A former claims handler at leading midlands firm Shakespeare Martineau has been banned from working in the profession for falsifying an email sent to opposing solicitors.
Narinder Kaur Rayat, for reasons not explained by the Solicitors Regulation Authority (SRA), altered the email to mislead them on an admission of liability.
She has been made subject to an order under section 43 of the Solicitors Act 1974, which means she cannot work for a law firm without the SRA’s permission.
According to a regulatory settlement agreement published by the SRA yesterday, Ms Rayat worked for Shakespeare Martineau for more than three years until September 2019, when she resigned during the disciplinary process.
She was acting for a car rental company to recover losses suffered after one of its cars was damaged in a collision with another vehicle.
The driver of the other vehicle (Mr A) was represented by his insurer and had separately instructed solicitors to make a personal injury claim arising from the collision.
In August 2019, Ms Rayat received an email from Mr A’s insurer, making an offer to settle the claim with no admission of liability, saying: “Liability is still in dispute as per contact with our client’s solicitors… who are pursuing a claim for personal injury”.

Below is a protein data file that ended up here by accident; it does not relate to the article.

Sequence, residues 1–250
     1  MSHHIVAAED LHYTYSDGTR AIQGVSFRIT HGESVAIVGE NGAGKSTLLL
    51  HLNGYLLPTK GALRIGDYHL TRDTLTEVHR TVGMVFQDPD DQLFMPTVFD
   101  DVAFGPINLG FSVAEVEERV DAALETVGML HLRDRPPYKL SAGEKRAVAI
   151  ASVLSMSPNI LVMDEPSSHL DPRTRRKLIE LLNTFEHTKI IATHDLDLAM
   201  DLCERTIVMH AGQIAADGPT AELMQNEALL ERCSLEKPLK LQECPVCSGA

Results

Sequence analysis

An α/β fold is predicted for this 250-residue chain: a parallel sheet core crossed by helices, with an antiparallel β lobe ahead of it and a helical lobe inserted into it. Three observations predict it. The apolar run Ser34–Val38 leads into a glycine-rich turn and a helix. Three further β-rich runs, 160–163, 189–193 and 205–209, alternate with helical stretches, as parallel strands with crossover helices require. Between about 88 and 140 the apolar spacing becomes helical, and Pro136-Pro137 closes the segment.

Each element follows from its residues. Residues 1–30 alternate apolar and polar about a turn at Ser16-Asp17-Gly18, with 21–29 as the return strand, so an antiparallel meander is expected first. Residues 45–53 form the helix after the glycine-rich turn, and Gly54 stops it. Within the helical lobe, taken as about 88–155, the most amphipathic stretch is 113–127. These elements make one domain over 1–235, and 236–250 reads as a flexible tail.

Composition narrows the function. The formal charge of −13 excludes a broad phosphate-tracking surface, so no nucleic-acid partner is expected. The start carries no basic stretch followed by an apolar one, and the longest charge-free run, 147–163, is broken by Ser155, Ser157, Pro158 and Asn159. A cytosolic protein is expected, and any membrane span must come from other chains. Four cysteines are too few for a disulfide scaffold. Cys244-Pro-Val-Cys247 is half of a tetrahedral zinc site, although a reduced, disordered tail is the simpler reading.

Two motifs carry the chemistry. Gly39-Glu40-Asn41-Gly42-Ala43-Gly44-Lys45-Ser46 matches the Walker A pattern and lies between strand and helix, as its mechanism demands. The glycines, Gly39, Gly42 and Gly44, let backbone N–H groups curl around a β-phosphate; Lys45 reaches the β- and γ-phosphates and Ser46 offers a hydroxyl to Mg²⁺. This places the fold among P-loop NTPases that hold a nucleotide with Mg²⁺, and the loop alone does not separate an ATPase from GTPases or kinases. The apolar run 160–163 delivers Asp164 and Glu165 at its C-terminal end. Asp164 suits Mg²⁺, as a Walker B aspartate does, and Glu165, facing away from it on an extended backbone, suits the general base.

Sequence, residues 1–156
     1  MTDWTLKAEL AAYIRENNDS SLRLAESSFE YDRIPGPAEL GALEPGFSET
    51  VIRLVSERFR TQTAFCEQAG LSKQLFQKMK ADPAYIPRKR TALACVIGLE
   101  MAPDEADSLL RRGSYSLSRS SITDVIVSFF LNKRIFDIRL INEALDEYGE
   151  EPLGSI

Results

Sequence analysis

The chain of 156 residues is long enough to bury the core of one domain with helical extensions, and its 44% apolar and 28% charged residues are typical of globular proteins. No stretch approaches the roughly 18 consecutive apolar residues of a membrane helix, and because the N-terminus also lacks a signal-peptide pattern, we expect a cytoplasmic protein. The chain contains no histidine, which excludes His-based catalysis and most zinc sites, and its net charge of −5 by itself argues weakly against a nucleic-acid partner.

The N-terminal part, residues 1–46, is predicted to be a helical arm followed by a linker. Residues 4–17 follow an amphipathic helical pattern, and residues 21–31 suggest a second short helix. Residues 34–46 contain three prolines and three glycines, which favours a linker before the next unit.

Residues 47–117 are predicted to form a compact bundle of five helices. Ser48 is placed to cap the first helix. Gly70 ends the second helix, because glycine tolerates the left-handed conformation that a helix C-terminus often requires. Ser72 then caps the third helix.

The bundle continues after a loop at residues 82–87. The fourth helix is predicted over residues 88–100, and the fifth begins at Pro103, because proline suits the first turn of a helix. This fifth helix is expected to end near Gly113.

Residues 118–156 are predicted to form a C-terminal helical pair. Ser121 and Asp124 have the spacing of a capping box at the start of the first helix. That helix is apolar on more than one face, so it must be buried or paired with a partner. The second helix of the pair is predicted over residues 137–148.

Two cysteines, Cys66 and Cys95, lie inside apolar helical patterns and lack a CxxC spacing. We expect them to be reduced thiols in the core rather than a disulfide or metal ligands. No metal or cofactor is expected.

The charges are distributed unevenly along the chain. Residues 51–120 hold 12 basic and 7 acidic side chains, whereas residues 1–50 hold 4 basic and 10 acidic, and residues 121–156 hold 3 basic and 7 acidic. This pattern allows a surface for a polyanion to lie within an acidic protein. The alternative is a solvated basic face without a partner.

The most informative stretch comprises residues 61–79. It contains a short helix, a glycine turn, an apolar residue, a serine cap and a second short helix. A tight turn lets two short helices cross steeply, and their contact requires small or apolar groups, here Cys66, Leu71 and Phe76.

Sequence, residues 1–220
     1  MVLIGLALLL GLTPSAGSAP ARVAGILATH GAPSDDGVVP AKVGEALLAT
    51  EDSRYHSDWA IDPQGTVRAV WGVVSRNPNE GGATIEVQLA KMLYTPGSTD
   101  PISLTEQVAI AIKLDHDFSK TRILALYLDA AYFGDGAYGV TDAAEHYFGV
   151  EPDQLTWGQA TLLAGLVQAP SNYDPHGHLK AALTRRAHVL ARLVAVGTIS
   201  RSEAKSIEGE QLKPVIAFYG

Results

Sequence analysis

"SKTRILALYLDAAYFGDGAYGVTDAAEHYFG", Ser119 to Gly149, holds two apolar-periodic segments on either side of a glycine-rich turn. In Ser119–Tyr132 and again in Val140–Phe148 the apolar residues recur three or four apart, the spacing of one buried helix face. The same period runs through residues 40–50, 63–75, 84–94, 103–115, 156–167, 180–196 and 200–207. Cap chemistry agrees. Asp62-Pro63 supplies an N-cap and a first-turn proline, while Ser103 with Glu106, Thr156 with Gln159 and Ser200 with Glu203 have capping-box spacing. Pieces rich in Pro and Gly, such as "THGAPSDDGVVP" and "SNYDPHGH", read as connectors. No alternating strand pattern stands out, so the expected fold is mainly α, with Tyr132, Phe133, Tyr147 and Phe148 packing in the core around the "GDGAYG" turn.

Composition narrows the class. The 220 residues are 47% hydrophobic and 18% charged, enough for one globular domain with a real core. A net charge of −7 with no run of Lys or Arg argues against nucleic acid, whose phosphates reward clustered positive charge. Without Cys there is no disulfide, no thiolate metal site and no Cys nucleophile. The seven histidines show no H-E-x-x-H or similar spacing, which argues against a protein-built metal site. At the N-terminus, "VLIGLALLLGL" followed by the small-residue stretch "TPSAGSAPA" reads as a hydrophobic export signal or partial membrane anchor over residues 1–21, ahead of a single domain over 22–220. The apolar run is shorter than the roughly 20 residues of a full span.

A fortnight later, she called Mr A’s PI solicitors and said Mr A’s insurer had accepted liability for the accident. The solicitors asked her to provide a copy of the email confirming this; she did this after altering the email so that it read “liability is not in dispute”.
Mr A’s solicitors realised that the email had been altered and reported Ms Rayat’s conduct to the firm.
Ms Rayat admitted that her conduct was dishonest. She expressed regret and remorse for her actions.
The SRA: “Ms Rayat’s conduct makes it undesirable for her to be involved in legal practice because it was dishonest.
“The public, the profession and others are entitled to rely upon the honesty and integrity of the people that they deal with at solicitors’ firms. Miss Rayat’s actions have undermined trust in the provision of legal services and the solicitors’ profession.”